New student recreation center to be built on north end of campus

Chandler Wright

The University of Alabama has already begun foundational work on a new 114,000-square-foot recreational facility more easily accessible to students living in dorms on the north end of campus.

“The nature of the facility within easy walking distance of over 5,500 students who will reside on the north end of campus makes this facility uniquely accessible and functional,” George Brown, executive director of university recreation, said. “Additionally, the larger, more convenient access to dining options that will be present within this facility affords students a true one-stop, healthy approach to wellness.”

Brown said the new center, called the Student Center, will expand on many features currently offered at the University Recreation Center, including an enhanced climbing area and designated rink area for floor hockey and other sports. The center will also feature three recreation courts and additional space for group training and club sports.

“Dedicated group exercise, group cycling, and personal training rooms will be available,” he said. “A large open area below the main level will allow for many small group training and club sport related play and will greatly assist these clubs that have formally found space to practice and play in the current Student Recreation Center very difficult to attain.”

Dan Wolfe, the campus master planner, said the University worked closely with Brown and his staff at the Rec Center during the while planning what features should be offered in the student center.

“From a planning standpoint, we have worked very closely with George Brown and all the folks at the Recreation Center during the master planning process,” Wolfe said. “One of the many conversations we have had with them is should the rapid growth in use of the recreational facilities be accommodated by expanding the existing recreational center or by creating more regional centers around campus.”

Although students provided input, Brown said it was hard to have conversations with students about a facility that wasn’t projected to be completed until 2014, so he also reached out to the staff of the current Recreation Center.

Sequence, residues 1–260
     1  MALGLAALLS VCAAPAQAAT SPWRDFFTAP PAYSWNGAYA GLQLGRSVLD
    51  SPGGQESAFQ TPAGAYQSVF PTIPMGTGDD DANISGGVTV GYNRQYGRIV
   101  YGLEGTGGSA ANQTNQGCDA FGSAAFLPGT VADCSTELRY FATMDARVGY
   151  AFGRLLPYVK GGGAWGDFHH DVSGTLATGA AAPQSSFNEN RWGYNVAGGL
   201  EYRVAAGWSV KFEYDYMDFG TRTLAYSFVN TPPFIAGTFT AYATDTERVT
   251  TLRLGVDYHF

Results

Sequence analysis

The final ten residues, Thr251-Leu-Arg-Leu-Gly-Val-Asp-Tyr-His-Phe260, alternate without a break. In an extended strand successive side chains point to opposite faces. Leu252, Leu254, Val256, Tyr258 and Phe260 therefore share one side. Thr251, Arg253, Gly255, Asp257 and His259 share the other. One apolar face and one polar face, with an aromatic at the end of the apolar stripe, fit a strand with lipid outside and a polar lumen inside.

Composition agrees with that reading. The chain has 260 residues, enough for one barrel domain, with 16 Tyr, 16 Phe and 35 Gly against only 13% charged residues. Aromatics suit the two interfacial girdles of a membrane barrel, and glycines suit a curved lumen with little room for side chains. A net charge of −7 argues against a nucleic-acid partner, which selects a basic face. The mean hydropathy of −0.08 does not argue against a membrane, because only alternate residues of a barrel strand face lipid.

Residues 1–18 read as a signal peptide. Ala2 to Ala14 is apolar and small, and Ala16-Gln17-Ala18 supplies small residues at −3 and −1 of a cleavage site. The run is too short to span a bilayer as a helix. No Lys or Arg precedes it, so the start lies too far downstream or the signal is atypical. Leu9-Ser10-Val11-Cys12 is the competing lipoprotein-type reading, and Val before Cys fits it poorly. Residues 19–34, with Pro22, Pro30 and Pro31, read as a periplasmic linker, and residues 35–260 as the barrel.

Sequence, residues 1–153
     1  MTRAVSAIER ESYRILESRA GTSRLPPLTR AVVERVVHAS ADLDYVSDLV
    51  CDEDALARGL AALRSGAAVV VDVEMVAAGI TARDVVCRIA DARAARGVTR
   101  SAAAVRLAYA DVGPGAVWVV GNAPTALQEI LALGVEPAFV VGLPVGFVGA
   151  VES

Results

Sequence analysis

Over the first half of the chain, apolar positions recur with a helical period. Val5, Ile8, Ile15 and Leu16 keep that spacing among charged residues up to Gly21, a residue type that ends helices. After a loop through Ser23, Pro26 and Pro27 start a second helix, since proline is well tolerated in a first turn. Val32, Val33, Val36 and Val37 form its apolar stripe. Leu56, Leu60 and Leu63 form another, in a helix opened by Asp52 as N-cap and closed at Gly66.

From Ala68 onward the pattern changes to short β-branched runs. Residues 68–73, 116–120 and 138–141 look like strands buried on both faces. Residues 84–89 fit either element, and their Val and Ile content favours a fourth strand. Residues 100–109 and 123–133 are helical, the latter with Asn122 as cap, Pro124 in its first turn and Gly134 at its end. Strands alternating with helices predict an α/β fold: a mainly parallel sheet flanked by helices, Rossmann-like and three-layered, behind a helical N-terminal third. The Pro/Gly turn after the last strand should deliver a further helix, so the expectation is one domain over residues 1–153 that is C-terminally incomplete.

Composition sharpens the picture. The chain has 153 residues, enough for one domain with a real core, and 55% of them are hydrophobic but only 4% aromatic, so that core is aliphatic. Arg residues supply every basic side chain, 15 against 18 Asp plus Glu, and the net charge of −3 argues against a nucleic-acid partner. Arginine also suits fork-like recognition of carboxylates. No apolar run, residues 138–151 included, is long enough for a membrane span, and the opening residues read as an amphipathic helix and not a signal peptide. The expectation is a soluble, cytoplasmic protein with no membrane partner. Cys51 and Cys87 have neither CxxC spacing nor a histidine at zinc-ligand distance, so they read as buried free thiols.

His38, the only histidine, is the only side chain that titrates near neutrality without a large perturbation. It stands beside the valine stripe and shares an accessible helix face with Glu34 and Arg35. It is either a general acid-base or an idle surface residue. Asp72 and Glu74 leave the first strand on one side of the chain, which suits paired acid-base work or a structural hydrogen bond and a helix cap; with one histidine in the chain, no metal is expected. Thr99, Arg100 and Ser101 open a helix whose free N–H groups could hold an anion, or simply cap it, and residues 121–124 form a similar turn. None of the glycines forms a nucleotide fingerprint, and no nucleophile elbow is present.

“It was hard to talk to a consistent audience, because the student body changes over every four years. We talked to students, but we also look at data and usage of the current facility, what was popular, etc,” Brown said. “This dictated many design decisions. We also met with our staff and posed questions like: what are the pinch points? Where are we growing? So, we did a lot of trend analysis to determine what was popular and what wasn’t.”

Brown said enrollment growth and campus expansion led the administration to enter into conversations about building a second recreation center for students on campus.

“When we became aware of the dorms additions towards the north end of campus, I think [former UA President] Witt was concerned somewhat anecdotally about the growth of campus and how that affects our recreational facilities,” Brown said. “As he became aware of this, they were also moving forward with the demolition of Rose Towers and the building of the new dorms. To my understanding, they knew campus was continuing to grow, and I think they knew a relocation to offset some of the congestion at the current Rec Center was a good idea.”

Wolfe said the Student Center will not only address campus growth and expansion, but also be more accessible to students on the north end of campus.

“We also believe that addressing growth through regional satellite facilities is a good concept that will make access for users more convenient and increase usage,” Wolfe said. “This concept is good for campus planning as well, because it reduces the need for additional parking at the main complex and allows for walkable access to about 5,000 students who live in the north area of campus.”